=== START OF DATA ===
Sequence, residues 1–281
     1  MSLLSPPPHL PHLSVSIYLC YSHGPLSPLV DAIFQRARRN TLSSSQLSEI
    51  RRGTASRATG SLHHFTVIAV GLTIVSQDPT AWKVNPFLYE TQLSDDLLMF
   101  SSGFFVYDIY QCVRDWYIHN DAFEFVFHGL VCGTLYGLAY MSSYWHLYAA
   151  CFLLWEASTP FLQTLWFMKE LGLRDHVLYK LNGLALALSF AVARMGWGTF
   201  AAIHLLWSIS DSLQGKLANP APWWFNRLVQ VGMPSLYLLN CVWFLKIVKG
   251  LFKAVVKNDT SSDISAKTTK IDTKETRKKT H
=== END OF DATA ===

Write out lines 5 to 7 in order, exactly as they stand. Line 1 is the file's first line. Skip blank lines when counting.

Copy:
   151  CFLLWEASTP FLQTLWFMKE LGLRDHVLYK LNGLALALSF AVARMGWGTF
   201  AAIHLLWSIS DSLQGKLANP APWWFNRLVQ VGMPSLYLLN CVWFLKIVKG
   251  LFKAVVKNDT SSDISAKTTK IDTKETRKKT H